Government To Protect Domestic Interests Before Signing RCEP Agreement: Piyush Goyal
Piyush Goyal in New Delhi, India. (Photographer: T. Narayan/Bloomberg)  

Government To Protect Domestic Interests Before Signing RCEP Agreement: Piyush Goyal

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Commerce and Industry Minister Piyush Goyal said that the government will protect the interest of domestic industry before entering into the proposed mega free-trade pact Regional Comprehensive Economic Partnership, which is in the last phase of negotiations.

The RCEP agreement is being negotiated among 10 ASEAN members (Brunei, Cambodia, Indonesia, Laos, Malaysia, Myanmar, the Philippines, Singapore, Thailand, and Vietnam) and their six free-trade pact partners Australia, China, India, Japan, South Korea and New Zealand.

"Every interest of domestic industry and the people of India has to be protected before we execute any free-trade agreement," he told reporters when asked whether RCEP negotiations would be concluded next month. The member countries have fixed a target to conclude the talks in November and sign the agreement in June 2020.

Goyal said the government would protect national interest first and does not fritter away FTAs like "we saw in 2009-10 period of Congress regime, where agreements were done in a hurry".

He alleged that those FTAs did not protect India's interests and there are clauses that are detrimental to India and there are no gains on services. "India will ensure that on services and investments and in every aspect, our national interest is protected first before any agreement is entered into with any country," he added.

A 10-day work programme has been prepared by the 16-nation RCEP grouping, which is negotiating the mega free-trade agreement, to sort out pending 14 issues by Oct. 22 that are hindering the conclusion of talks.

The issues which would not be resolved would go at the leaders' summit, expected to be attended by Prime Minister Narendra Modi next month in Bangkok.

Some sections of Indian industry have raised concerns over the presence of China in the grouping. Various sectors, including dairy, metals, electronics, and chemicals, have urged the government to not agree on duty cuts in these segments. According to a plan, India is expected to reduce or eliminate duties on about 80 percent of goods imported from China under the proposed agreement.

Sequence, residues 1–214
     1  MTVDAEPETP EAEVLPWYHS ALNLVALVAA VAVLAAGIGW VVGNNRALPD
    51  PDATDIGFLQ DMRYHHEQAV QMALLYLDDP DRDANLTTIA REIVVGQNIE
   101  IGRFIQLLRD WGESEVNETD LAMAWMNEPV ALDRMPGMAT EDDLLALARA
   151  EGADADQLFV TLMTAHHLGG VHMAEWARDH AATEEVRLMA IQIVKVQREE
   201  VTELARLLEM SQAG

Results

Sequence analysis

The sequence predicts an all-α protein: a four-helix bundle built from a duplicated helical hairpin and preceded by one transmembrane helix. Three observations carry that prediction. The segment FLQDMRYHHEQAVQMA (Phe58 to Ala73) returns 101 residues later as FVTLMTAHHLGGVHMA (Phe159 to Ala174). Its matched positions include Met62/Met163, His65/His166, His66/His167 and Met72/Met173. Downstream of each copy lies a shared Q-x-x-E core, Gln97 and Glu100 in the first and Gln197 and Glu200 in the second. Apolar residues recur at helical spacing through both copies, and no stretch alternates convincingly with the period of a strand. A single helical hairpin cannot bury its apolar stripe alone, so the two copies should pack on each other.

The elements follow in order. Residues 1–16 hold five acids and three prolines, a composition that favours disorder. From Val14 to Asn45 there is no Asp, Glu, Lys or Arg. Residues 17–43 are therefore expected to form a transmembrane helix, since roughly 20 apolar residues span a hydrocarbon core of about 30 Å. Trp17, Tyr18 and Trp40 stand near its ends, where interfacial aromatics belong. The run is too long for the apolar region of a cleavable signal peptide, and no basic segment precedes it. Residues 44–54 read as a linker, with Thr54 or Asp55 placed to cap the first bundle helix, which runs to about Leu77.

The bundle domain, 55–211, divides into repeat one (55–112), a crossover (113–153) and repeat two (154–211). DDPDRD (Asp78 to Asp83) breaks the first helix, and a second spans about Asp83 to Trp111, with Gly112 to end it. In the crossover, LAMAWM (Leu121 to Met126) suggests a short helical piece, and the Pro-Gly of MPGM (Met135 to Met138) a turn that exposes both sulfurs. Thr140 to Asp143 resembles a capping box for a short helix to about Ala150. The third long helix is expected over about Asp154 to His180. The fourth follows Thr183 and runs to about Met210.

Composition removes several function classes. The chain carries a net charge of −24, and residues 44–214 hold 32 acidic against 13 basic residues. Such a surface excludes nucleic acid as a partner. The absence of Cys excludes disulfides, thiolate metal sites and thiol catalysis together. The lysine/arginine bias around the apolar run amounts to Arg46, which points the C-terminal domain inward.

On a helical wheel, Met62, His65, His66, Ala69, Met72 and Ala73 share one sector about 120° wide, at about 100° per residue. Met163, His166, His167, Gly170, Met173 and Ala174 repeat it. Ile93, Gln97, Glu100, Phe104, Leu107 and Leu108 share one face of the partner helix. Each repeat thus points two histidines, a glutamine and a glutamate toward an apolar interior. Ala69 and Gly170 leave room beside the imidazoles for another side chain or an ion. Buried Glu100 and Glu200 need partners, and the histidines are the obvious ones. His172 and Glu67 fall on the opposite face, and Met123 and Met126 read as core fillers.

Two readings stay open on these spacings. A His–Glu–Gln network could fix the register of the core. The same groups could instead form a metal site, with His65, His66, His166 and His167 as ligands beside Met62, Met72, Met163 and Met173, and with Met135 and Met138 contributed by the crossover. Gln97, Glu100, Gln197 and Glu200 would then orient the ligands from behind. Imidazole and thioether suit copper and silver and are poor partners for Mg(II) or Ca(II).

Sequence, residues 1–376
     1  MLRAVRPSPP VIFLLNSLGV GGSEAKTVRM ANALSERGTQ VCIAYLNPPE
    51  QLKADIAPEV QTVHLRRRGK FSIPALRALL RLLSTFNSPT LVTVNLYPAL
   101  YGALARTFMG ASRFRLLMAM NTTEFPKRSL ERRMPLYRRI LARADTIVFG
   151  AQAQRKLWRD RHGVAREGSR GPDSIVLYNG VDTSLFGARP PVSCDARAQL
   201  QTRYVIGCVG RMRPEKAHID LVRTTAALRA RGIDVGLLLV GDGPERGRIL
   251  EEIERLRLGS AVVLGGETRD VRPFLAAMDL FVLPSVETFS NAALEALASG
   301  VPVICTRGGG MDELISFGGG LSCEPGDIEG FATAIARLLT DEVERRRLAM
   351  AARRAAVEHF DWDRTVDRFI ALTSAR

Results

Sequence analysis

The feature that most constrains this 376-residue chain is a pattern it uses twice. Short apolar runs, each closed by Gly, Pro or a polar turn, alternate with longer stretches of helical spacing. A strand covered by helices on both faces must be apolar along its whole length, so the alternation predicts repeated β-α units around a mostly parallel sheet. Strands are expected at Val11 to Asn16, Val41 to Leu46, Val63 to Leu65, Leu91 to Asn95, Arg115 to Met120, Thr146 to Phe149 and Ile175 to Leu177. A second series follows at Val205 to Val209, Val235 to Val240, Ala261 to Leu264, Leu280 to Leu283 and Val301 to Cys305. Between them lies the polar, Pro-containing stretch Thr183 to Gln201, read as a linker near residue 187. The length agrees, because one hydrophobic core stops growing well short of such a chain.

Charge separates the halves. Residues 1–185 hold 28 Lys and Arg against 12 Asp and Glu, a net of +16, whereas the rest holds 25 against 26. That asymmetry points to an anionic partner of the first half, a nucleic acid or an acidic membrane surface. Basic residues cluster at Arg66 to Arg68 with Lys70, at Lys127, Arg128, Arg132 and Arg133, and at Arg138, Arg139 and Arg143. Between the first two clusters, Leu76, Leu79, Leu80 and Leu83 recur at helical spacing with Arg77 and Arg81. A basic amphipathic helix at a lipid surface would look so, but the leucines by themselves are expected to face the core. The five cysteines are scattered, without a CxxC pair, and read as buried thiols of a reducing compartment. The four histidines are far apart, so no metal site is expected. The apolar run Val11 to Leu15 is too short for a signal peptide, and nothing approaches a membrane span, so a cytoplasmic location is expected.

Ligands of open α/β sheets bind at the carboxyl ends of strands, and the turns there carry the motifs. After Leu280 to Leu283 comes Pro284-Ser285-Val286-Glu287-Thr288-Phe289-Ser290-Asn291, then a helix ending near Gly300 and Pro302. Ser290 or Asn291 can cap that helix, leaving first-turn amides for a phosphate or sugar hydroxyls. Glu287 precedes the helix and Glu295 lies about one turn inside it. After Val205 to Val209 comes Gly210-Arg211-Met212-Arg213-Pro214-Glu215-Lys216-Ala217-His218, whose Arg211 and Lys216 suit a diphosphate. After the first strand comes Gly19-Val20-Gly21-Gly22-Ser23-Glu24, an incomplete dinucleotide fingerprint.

India may also cut customs duties on 86 percent of imports from Australia and New Zealand, and 90 percent of products from ASEAN, Japan and South Korea, with which India already has a comprehensive free-trade agreement.

The cut or elimination of these duties could be implemented over a period of 5, 10, 15, 20 and 25 years.

There is a plan for an auto-trigger mechanism, wherein India will have the option to increase customs duties if there would be a sudden surge in imports of a specific product, particularly from China, to protect the domestic industry. As many as 28 rounds of talks have been held at chief negotiators' level and no more rounds are scheduled now.

India has registered trade deficit in 2018-19 with as many as 11 RCEP member countries including China, South Korea and Australia. The agreement aims to cover issues related to goods, services, investments, economic and technical cooperation, competition and intellectual property rights.

Also read: Broad Issues Of India-U.S. Trade Deal Almost Resolved, Says Piyush Goyal

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